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look at this big drop. it is suspending the u.s. development of its experimental diet drug. u.s. regulators wanted more testing. shares have been on a wild ride as it has tried to get f.d.a. okay for its medicine. two other firms working on similar treatments also fell. vivus and arena fell by 3% and 2% respectively. these two have been unsuccessful bringing their drugs to market so far. and that's tonight's "market focus." >> susie: more on tonight's top story. while the nation's headline unemployment rate is just over
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9%, dig deeper and you'll find the situation looks much worse. here's the math: start with may's unemployment number, 9.1%. throw in discouraged workers, or people so fed up with looking for a job they've given up, and that rate moves above 10%. add the under-employed-- people taking any job they can get, despite their skills-- and the real unemployment rate jumps to almost 16%. and for many people, the job hunt has gone from weeks to months. almost half of unemployed americans over the age of 16 have been without a job for 27 weeks or more. >> tom: here's what we're watching for next week: our friday "market monitor" is lew piantedosi, lead portfolio manager at eaton vance management. the world bank updates its global economic outlook, and we'll get a snapshot of economic activity around the country from the federal reserve's beige book report. monday, it's tech times two!
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apple and microsoft both unveil new products. >> susie: the nation's high unemployment rate is taking a toll on wal-mart. the world's biggest retailer is seeing what it calls a "paycheck cycle." that's where people stock up on pay day and spend less on other days. wal-mart's c.e.o. says the phenomenon is more pronounced than ever. separately, wal-mart announced a $15 billion stock buyback. with the company's stock price in a rut, it's been returning excess cash to shareholders in share repurchases. >> tom: the details surrounding the federal reserve's rescue of bear stearns in the spring of 2008 will remain sealed. a federal appellate court ruled today the central bank's board of governors does not have to release those records. a former f.d.i.c. official had sued to make them public. he wanted details on why the fed thought bear's emergency funding was necessary, but the court said revealing that information would undermine the federal reserve's ability to function.
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as we heard earlier, the job market may have slowed, but that hasn't spoiled the stock appetite of tonight's "market monitor." stephen wood is back with us. he's chief market strategist at russell investments. so he's back at it now with an investment strategy. what does your slower growth outlook mean for strategy,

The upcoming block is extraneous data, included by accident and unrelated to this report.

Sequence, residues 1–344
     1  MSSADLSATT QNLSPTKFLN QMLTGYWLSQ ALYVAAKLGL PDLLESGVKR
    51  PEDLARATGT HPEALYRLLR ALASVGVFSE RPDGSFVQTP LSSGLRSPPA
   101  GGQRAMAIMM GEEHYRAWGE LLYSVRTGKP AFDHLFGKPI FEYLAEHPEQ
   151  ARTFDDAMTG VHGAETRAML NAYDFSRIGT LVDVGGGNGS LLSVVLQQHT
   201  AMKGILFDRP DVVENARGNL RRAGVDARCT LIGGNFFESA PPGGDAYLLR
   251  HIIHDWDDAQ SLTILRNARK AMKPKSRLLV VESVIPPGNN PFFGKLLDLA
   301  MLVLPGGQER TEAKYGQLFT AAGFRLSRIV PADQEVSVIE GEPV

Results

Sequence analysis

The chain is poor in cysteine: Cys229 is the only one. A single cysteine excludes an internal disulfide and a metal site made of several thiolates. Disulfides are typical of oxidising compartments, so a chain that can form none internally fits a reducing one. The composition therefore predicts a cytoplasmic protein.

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stocks versus bonds? >> yeah, you're probably in a lower return environment and a slower economic growth rate. we don't think it's going to be a recession but it will be a more difficult environment. and i think what that's going to look at it is a globally diversified portfolio, one. and i think also will you have to have more equities in your portfolio than a lot of people might have expected. and this would account for people approaching requirements, perhaps even people in retirement that you had will have to have more risk assets, more global, more equities, perhaps more commodities, more infrastructure than they would have accepted-- anticipated to generate the rates of return that they are going to need. >> tom: one you brought along for a new pick is one that has been raising its dividend. that is a little bit of a idea that a lot of folks have globd on to lately. jpmorgan is the stock, right, the banking stocks have gotten the okay to raise dividends what do you like about jp morian-- morgan in this environment. >> i think you have an industry leader. someone who came through the economic crisis extremely well. was something of a stabilizing force. and you also see that as financial regulation,
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becomes more clear, you are going to get the ability to understand which financials are doing better. you have strong balance sheets. great portfolio. and you know, they're a consumer-based good old-fashioned deposit coming and doing good old-fashioned banking is a good chunk of their revenue and the dividend issue is something that is not unimportant either. >> tom: you also like health care which has been a pretty good performer this year. pfizer is your pick here, pfe, the ticker symbol, has had a nice really's that year. what to make it continue? >> part of that chop we were talking about earlier in the broadcast, that we think the economy is going to do okay but it won't do fantasticment and it will do it with a lot of volatility. so in that environment we've dialed on a little bit of our risk ex-- risk exposure given the chopiness in there. and health care and pfizer, for example k kind of level out that volatility. the benefit there is you get people more likely to stay fully invested for a longer period of time so that is more-- . >> tom: give me 20 seconds